Manure Management Strategies for Limiting Antibiotic Runoff

Manure Management Strategies for Limiting Antibiotic Runoff

Author: Reagan Uhlmann, UNL Senior, Biological Systems Engineering, University of Nebraska-Lincoln

It is important that farmers and agriculturalists implement practices to reduce the runoff of antibiotics.

Just as people take antibiotics when sick with a bacterial infection, antibiotics are an important tool in livestock production to treat bacterial infections in animals. Concerns do exist, though, about the fate of these compounds and their metabolites in the environment. Approximately 75% of the antibiotics an animal consumes ends up in the manure (Beecher 2018). Although antibiotics themselves do not pose a risk to people or the environment, large amounts of antibiotics have resulted in the development of antibiotics resistant genes which are immune to antibiotics medicine. It should be noted that the relationship of drug-resistant bacteria in people to antibiotic use in livestock is still a highly debated topic.  

This article is written by a University of Nebraska-Lincoln student, Reagan Uhlmann, as part of an Animal Manure Management class in Biological Systems Engineering. It has been reviewed by experts to encourage accuracy of issues presented. The article represents the student’s understanding of the subject addressed at this stage in his career. Rick Koelsch, faculty instructor.

Because livestock manure is often used as a fertilizer input on neighboring cropland, it is important that farmers and manure managers understand the potential risks associated with antibiotic compounds. This includes knowing how to manage land-applied manure to reduce persistence of antibiotic compounds and losses of these compounds via runoff. The potential risks of antibiotic compounds in livestock manure may be addressed in three ways: manure treatment prior to land application, implementation of conservation practices within manure-amended fields, and the limitation of antibiotic consumption. It should be noted that antibiotic runoff is not currently regulated. However, there are regulations implemented by the U.S. Food and Drug Administration that regulate antibiotics fed to animals.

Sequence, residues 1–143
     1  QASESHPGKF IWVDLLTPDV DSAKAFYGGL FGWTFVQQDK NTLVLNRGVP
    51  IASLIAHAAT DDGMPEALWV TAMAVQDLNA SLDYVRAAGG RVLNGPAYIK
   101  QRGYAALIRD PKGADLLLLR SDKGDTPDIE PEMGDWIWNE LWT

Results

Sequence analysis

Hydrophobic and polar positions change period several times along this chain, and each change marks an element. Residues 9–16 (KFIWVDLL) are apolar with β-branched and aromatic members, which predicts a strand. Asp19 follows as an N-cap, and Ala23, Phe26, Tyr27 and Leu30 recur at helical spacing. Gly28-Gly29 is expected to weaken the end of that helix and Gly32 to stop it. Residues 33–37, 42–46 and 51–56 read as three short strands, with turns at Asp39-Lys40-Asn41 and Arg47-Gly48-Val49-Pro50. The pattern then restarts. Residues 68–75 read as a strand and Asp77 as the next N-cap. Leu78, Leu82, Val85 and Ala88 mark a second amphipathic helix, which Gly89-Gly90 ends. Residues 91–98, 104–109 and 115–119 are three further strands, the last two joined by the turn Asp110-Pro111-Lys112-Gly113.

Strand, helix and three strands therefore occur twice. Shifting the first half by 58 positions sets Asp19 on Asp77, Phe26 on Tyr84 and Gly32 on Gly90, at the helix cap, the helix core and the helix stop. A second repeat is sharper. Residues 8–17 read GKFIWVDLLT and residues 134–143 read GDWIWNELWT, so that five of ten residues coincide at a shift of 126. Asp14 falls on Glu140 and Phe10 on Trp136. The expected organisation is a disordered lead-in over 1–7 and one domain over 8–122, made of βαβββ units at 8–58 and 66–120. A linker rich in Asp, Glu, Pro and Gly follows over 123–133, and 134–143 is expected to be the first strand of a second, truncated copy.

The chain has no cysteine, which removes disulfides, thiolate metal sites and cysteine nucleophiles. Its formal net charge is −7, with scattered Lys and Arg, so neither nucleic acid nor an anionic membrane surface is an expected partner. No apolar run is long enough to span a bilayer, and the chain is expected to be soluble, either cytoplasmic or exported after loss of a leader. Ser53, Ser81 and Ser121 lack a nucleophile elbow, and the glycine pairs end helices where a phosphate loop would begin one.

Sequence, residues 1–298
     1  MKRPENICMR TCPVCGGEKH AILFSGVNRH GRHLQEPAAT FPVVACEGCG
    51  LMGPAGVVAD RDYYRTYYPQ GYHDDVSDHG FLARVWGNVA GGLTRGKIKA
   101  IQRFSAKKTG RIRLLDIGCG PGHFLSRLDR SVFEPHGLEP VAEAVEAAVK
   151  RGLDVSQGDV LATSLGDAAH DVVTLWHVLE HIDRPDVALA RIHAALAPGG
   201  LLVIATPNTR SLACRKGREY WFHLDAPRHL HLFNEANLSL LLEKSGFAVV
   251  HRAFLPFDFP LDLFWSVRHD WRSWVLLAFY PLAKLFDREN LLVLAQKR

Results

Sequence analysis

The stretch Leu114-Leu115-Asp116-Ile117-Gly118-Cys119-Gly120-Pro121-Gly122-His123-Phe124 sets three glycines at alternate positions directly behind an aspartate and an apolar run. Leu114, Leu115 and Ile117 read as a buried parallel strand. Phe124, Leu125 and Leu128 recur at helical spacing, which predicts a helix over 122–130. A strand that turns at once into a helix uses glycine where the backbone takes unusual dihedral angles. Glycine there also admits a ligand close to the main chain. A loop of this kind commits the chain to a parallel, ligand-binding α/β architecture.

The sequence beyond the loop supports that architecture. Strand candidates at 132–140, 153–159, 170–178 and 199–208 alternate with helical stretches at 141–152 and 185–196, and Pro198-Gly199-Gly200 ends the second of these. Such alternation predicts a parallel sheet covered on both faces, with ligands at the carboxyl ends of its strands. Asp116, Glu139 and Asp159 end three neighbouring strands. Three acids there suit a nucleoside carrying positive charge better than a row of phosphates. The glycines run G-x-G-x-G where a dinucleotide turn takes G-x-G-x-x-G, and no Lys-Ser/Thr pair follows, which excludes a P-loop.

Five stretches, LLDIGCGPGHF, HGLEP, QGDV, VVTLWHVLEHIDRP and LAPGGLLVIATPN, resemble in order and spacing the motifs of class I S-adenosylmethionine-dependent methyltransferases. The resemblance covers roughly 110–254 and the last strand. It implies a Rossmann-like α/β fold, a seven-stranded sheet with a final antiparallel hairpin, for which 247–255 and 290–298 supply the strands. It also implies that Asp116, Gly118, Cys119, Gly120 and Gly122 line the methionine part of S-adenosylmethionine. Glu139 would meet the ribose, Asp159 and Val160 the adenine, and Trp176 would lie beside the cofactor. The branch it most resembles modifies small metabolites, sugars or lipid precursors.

Manure Treatment via Composting

One method of treatment is to treat the manure before it reaches the field. One way the manure can be treated is by heating the manure. Heating the manure kills the bacteria and reduces the concentration of antibiotics. Composting is one effective way of heating the manure. Composting typically heats the manure up to 60°C which is the ideal temperature for destroying most bacteria. Composting the manure is more effective in antibiotic reduction when the manure is composted over a longer period of time. Not only does composting limit the efficiency of antibiotics, it is also effective in killing harmful pathogens. The survival period of pathogens is dependent on several different characteristics including moisture content and the carbon to nitrogen ratio of the manure. Since the type of antibiotics and pathogens vary so does the amount of time it takes to destroy them. However, for the highest efficiency in activating antibiotics it is recommended that the manure be composted for up to 15 days with at least 5 turns (Martin 2015). Although this is the procedure for the highest efficiency, there are several methods of composting that are successful in limiting antibiotic concentration.


Aerobic Treatment of Manure